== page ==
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09-12-2011, 06:42 PM
  #54
Talks to Goalposts
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Quote:
Originally Posted by Habsolument90 View Post
You could not be more wrong about faceoffs. Look at Bergeron vs Habs faceoffs during the playoffs. His faceoff wins dominated every shift because they had control of the puck a lot more. When you need a goal to tie the game or you need to stay afloat to win by 1 goal, you need to be dominant. We created a fortress around Price's crease by the 2nd period. While that worked sometimes, the opponent ended up scoring at some point. When you win faceoffs, you gain possession, rotate the puck and keep it off their sticks.
Faceoffs matter greatly for the moment that they happen but on aggregate they tend to impact the game very little. If there were lots of guys that can win at 60% or more of the time it could matter but in reality with most centers with 5% of the mean it makes a miniscule amount of difference over the course of a season. A good counter example is from the same series, Krejci was beating Plekanec on faceoffs left and right but Pleks still ate his lunch all series.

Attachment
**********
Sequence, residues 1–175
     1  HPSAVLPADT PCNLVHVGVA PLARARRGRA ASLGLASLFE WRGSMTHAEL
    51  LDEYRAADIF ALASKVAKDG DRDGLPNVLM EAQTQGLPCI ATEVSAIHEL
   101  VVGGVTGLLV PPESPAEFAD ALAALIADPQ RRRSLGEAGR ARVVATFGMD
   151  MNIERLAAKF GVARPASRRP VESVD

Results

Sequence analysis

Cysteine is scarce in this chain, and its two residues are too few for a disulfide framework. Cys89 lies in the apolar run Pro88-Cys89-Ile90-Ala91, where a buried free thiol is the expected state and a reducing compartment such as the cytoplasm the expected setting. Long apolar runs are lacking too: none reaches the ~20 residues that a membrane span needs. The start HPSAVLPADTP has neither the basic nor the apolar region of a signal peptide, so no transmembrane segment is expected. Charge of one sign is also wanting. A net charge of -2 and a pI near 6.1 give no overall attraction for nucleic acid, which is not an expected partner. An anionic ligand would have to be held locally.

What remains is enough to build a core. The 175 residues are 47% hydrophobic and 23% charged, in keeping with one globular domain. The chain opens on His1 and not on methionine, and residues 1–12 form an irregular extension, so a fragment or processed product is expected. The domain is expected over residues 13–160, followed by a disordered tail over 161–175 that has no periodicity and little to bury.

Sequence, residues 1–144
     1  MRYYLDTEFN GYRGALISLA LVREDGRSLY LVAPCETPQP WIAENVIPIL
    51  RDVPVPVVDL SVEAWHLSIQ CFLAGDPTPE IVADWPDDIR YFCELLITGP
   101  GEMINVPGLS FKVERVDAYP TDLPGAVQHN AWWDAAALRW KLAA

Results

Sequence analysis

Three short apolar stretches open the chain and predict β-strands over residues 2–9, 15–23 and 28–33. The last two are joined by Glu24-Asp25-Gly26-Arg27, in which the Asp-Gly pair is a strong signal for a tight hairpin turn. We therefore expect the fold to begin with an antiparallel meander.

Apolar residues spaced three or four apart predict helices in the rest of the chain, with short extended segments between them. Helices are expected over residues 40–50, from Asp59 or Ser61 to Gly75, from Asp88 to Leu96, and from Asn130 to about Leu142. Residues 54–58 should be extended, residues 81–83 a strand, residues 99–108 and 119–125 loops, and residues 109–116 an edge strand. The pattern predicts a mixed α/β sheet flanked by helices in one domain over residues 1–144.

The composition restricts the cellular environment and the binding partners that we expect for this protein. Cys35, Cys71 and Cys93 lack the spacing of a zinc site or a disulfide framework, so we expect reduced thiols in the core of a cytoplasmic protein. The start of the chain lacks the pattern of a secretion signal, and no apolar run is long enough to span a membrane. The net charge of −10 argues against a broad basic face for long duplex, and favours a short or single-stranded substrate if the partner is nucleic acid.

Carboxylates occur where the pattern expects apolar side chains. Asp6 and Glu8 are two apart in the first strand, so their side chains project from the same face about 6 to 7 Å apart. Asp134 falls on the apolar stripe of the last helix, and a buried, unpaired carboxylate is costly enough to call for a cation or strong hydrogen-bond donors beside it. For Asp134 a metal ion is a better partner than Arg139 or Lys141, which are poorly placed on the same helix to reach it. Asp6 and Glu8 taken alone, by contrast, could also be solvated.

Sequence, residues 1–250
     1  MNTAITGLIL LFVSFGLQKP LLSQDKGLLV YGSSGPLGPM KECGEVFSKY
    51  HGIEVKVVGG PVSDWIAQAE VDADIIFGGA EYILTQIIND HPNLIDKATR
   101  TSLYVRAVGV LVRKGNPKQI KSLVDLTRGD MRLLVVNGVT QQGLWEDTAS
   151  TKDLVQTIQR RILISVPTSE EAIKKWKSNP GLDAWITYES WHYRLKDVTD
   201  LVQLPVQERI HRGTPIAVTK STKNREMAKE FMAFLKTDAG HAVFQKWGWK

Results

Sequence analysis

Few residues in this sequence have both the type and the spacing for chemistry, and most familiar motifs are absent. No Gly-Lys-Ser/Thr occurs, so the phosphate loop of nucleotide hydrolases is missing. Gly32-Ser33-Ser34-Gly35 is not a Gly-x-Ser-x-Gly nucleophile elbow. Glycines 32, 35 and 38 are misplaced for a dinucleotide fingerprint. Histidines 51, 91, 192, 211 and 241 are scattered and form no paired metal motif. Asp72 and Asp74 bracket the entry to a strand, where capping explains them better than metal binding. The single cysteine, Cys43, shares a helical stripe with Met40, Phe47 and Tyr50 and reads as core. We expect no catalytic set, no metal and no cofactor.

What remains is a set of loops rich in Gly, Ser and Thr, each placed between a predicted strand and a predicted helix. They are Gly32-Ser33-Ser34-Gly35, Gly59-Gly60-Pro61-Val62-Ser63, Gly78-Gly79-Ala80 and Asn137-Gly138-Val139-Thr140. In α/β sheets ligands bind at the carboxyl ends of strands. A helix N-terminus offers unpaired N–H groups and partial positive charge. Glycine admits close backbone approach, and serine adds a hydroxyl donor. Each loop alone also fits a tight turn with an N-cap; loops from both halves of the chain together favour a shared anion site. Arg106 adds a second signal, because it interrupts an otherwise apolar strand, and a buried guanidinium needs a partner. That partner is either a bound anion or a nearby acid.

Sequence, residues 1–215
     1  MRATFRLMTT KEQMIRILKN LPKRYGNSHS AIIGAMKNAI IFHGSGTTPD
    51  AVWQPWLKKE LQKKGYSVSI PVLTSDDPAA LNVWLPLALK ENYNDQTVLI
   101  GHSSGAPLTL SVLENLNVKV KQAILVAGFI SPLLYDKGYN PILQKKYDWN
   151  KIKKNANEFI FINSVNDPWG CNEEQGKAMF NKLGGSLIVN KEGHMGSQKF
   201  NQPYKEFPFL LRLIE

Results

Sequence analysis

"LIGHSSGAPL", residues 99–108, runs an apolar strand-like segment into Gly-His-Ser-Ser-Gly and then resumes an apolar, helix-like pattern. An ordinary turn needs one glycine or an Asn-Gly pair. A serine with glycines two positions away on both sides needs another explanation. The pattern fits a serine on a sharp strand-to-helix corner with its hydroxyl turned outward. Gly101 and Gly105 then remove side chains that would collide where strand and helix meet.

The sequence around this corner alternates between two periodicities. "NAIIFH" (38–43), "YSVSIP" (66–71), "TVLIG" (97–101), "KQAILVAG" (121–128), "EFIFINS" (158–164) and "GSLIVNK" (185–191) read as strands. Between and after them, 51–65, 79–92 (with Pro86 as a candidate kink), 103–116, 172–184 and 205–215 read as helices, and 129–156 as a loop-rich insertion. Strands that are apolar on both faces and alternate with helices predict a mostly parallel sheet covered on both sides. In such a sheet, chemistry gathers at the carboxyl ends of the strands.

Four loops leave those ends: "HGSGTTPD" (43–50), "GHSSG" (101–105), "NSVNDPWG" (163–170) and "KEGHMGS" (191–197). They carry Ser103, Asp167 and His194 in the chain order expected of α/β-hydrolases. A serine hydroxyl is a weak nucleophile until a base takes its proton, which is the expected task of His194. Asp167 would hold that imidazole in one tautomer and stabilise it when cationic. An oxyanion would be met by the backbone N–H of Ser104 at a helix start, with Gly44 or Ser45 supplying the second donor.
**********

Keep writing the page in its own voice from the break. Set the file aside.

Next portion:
Puck possesion matters a lot, but a faceoff is just one type of battle that there isn't a big skill difference in at the NHL level. It quickly fades into the background noise of all the other puck control battles that happen during a game which will also result in possesion for a few seconds just like a faceoffs.

Also, when the score was tied Montreal was beating Boston on possesion. Same when they were behind. Montreal only "forted up around Price" when they had the lead, which is what pretty much every team does when they're up to some degree (Montreal probably plays to the score more than most but almost every team does it).

The fact that overall play was basically completely even between Montreal and Boston despite their better faceoff skills actually goes to show how little effect faceoffs actually have on the game. Not that its not a useful skill but its something that gets drowned out by the dozens of useful puck possession skills there are. It gets massively overrated because its something that's closely tracked and can be quickly refered to rather than how much impact it actual has on a game at the NHL level.

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